After chills and muscle aches in the days leading up to winter break, Luke Hartigan ’24 was not surprised when he got the call from Cayuga Medical Center informing him that he had tested positive for COVID.
The 10 days he spent quarantined in Hotel Ithaca were “far and away the worst 10 days of my life, without question” he said. But Hartigan and others have said that their bout with the virus has upsides — including feeling safer in social settings because of their antibodies and being exempt from surveillance tests.
Like all students quarantined at Cornell, Hartigan was not allowed to step outside his room for the entirety of his stay. Left in an ill-lit room due to the lack of overhead lighting, he quickly fell into a state of isolation-induced boredom, even losing the motivation to connect with friends virtually through mobile games.
Julia Draganoff ’24 has quarantined at The Statler Hotel three times, totaling 23 days of isolation. Last semester she was exposed to someone who tested positive and checked herself in due to some symptoms and ultimately tested positive for COVID in March.
Draganoff felt very ill during her most recent stay, having to run the shower for hours at a time for the condensation to relieve her congestion. Her difficulties were compounded due to internet issues at The Statler.
”My computer would not connect to the specific router in The Statler, so I couldn’t connect to Wi-Fi for the entire time I was there. IT didn’t know what to do,” she said.
Draganoff was forced to use a mobile hotspot to do school work and online classes. She did not know of anyone else who experienced the same issue and stressed that Cornell IT staff worked hard at attempting to remedy the situation. However, her computer has not had an issue since leaving The Statler.
Despite the challenges these students faced during quarantine, they agreed that contracting COVID came with some benefits.
Students who test positive for COVID are exempt from surveillance testing for 90 days after their first positive test. This means the worries of missing a test and facing the new consequences announced on March 30, such as being prevented from logging into Canvas and accessing the Wi-Fi, are alleviated for three months.
“I think being exempt from surveillance testing was definitely a benefit,” Jillian Beck ’24, who contracted COVID over winter break, said. “I don’t have to worry about missing any tests and getting locked out of Canvas or quarantining if one of my friends tests positive.”
After the 90 days are up, however, the switch to getting tested again was difficult for some. Hartigan’s testing exemption ended about two weeks into the spring semester and his testing frequency was recently bumped up to three days a week due to his involvement in Greek life.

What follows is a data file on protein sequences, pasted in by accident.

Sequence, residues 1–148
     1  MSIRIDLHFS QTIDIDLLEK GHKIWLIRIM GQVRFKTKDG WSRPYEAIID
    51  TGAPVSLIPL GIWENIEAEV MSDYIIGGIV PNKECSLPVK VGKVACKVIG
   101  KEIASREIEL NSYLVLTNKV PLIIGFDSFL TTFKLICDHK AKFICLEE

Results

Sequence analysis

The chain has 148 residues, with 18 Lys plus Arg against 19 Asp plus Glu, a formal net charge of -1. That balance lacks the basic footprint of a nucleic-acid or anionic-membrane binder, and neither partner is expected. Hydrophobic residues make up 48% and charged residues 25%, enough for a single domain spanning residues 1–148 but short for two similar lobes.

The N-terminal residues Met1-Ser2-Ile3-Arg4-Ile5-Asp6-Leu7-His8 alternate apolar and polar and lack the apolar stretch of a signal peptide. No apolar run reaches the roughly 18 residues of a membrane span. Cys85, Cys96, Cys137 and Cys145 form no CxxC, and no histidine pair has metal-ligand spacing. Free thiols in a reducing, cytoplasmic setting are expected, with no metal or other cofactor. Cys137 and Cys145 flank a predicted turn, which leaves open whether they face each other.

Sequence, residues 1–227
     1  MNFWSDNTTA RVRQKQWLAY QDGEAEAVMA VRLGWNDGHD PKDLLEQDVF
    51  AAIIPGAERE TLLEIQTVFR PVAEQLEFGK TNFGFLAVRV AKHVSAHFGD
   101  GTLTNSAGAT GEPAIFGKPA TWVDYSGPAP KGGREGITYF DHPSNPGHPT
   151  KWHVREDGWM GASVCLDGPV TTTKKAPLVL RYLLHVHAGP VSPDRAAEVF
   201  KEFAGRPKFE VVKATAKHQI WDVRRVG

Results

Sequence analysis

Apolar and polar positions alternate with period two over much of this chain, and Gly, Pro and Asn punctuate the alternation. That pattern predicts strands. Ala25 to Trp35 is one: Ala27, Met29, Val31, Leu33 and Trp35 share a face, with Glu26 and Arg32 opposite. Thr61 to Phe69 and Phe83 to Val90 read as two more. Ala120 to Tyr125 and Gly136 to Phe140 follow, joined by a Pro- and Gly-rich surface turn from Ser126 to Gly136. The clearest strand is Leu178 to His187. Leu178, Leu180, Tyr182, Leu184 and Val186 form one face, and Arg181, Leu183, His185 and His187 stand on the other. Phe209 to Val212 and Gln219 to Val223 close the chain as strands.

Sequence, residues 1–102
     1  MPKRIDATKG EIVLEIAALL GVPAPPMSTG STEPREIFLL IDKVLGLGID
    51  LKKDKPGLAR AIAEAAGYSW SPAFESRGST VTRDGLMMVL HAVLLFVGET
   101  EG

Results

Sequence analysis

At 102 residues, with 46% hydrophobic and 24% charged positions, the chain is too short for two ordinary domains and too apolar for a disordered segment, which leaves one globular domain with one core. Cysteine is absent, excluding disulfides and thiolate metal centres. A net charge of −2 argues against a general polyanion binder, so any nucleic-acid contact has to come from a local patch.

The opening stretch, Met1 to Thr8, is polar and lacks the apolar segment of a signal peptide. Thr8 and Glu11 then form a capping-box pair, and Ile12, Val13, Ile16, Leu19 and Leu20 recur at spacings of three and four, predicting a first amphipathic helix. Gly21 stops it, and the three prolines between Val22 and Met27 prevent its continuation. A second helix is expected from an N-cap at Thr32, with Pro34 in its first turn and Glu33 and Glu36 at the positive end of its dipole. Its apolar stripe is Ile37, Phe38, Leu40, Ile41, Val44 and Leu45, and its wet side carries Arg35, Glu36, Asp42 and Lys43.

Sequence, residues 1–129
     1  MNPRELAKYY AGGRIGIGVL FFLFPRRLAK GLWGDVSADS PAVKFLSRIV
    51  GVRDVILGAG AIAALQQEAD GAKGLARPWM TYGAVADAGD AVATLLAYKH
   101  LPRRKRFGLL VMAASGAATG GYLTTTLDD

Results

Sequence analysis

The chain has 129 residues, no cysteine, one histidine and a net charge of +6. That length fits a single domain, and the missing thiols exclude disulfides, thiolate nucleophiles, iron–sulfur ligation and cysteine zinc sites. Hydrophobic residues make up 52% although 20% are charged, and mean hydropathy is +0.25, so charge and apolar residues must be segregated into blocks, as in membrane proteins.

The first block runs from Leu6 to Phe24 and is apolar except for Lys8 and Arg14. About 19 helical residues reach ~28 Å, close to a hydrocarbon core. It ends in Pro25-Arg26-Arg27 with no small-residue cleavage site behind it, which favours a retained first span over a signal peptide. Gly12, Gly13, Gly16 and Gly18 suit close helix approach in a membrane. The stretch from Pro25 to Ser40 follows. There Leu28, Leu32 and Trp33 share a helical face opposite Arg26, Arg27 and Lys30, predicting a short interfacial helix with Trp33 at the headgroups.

The students also agreed that having the antibodies gives them an added sense of security on campus.
“Having antibodies has definitely made me feel safer. I’m a bit more relaxed when going out to restaurants and being around people, especially since I recently got the vaccine,” Beck said.
Gabe Biers-Browne ’23 has a slightly more apprehensive view, having had COVID in late December.
”I have a certain level of comfort knowing that I have a high level of immunity and some antibodies, but it hasn’t really affected how I behave,” he said.
Gregory Randazzo ’22, who contracted the virus in July, cautioned against being too negligent of social distancing guidelines.
“I think that most people at Cornell are very disconnected from the reality on the ground,” he said. “They don’t take it seriously at all. I know people who died and a lot of people here just view it as a nice little break, which is obscene.”
It is still unknown how long coronavirus immunity lasts and current CDC guidelines advise individuals to always adhere to prevention measures.
Because of this, even students who had COVID expressed their eagerness to get the vaccine. They feel it will add an additional layer of protection that the natural antibodies alone cannot provide. Getting vaccinated is also a requirement to return to campus next semester, no matter whether a student has previously tested positive.
“I don’t think campus will ever be the same,” Beck said. “But I hope that campus will return a bit more to normal with the vaccine rollout.”